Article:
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A.S. Jun, S. Chakravarti, H.F. Edelhauser, M.C. Kimos; Aging Changes of Mouse Corneal Endothelium and Descemet Membrane . Invest. Ophthalmol. Vis. Sci. 2006;47(13):4388.
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© ARVO (1962-2015); The Authors (2016-present)
To characterize age–associated changes in the corneal endothelium and Descemet membrane in C57BL/6 mice, an inbred strain commonly used as a genetic disease model.
Corneas from mice aged 2 weeks to 24 months were studied. Light microscopy was used to assess central endothelial cell density and morphology. Transmission electron microscopy was used to assess thickness and ultrastructural features of Descemet membrane (DM).
Central corneal endothelial cell density showed a rapid decline from 5232 ± 892 cells/mm2 (mean ± S.D.) at 2 weeks to 2532 ± 112 cells/mm2 at 16 weeks of age. Thereafter, cell density declined more slowly, reaching 2004 ± 134 cells/mm2 at 24 months of age. DM thickness showed an approximately linear increase from 1.12 ± 0.22 µm (mean ± S.D.) at 2 weeks to 4.19 ± 1.17 µm at 24 months of age. DM in 2 and 6 week age groups was composed entirely of material with an electron dense, periodic banding pattern. Sixteen week, 12 month, and 24 month age groups exhibited an additional, progressively thicker, homogeneous layer lacking periodic banding. The observed age–dependent thickening of DM was predominantly due to accumulation of the posterior, non–banded layer.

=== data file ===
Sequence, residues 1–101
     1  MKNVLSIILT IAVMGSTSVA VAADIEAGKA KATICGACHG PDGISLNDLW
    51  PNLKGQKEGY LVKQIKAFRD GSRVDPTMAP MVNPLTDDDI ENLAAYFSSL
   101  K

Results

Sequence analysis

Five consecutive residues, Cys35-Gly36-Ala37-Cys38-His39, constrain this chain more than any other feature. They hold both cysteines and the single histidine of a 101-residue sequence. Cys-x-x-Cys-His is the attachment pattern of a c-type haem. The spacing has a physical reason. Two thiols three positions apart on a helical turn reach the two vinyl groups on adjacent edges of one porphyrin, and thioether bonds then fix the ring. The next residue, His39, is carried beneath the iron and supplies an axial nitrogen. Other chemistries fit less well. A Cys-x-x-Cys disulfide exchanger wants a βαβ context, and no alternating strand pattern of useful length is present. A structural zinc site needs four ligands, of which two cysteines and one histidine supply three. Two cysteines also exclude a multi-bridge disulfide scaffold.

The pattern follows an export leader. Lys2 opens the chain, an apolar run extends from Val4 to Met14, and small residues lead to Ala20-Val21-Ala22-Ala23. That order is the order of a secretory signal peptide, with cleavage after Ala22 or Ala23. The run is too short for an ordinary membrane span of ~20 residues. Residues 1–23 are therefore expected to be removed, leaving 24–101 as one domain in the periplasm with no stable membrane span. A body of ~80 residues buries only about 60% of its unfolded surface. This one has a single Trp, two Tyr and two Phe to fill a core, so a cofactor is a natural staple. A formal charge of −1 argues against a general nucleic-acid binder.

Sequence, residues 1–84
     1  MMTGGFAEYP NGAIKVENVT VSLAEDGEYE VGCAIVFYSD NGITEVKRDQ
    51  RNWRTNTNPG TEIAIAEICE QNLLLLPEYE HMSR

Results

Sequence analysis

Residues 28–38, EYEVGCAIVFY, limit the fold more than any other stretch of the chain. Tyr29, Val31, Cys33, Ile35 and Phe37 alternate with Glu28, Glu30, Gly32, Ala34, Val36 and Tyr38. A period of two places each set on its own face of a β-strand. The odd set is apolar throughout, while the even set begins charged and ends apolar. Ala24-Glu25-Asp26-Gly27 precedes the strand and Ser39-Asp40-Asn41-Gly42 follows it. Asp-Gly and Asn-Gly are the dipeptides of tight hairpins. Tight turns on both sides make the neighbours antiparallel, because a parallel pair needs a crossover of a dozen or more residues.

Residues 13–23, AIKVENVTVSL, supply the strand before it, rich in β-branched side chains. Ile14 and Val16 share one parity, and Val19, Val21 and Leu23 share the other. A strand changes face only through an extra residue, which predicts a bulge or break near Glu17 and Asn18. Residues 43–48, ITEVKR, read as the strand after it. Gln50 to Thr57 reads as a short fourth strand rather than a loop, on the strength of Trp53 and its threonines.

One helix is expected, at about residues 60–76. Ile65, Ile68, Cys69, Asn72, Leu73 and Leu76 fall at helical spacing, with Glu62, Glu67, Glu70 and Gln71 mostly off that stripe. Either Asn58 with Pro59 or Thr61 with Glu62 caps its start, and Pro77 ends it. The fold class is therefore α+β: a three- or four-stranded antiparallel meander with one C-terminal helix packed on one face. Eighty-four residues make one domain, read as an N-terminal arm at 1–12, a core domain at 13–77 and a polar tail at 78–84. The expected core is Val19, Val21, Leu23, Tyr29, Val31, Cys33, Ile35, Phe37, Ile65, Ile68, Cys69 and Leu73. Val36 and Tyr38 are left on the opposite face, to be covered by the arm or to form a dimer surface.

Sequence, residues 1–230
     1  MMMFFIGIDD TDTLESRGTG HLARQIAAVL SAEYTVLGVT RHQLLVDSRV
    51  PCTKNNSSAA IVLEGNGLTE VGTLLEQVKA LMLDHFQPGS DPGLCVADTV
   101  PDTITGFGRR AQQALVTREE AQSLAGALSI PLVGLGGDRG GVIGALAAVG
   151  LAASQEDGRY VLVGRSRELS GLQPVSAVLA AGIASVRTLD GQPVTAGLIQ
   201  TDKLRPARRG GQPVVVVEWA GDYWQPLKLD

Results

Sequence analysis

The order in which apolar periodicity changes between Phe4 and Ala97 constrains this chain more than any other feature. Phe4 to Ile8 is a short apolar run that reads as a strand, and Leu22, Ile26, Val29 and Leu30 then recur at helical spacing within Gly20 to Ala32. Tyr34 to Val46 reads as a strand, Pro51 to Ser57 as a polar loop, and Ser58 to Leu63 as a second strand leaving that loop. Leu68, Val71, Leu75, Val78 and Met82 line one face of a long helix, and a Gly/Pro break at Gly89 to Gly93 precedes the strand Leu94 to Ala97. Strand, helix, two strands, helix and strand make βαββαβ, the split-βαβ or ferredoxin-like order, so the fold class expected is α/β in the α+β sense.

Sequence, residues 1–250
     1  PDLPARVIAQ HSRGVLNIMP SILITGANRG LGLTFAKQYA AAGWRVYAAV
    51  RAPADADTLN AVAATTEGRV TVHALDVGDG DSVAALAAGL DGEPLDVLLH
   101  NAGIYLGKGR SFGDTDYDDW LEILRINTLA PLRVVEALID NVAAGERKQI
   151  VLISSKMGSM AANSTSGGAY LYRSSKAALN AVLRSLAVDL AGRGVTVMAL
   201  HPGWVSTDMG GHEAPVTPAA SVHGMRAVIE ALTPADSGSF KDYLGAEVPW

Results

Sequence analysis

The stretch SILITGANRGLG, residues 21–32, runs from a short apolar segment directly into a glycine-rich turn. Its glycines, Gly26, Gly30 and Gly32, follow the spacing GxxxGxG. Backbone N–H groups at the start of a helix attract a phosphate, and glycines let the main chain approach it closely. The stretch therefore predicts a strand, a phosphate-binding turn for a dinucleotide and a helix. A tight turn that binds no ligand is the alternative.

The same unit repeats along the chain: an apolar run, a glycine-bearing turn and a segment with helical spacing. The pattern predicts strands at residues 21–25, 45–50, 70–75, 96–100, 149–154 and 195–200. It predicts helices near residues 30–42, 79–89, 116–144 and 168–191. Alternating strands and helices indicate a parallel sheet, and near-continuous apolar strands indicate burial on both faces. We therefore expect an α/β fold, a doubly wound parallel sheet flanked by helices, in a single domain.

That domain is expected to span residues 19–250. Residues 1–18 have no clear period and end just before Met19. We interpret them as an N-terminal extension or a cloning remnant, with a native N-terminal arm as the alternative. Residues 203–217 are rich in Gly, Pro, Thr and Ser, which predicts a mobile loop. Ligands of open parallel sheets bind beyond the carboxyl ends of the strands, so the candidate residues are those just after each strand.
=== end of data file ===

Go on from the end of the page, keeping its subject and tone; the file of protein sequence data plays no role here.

In C57BL/6 mice, central endothelial cell density declines with age and DM progressively thickens due to accumulation of a posterior, non–banded portion. These age–associated changes are strikingly similar to observations in humans and thus further support the potential usefulness of the mouse model for studying disorders of the corneal endothelium and Descemet membrane.
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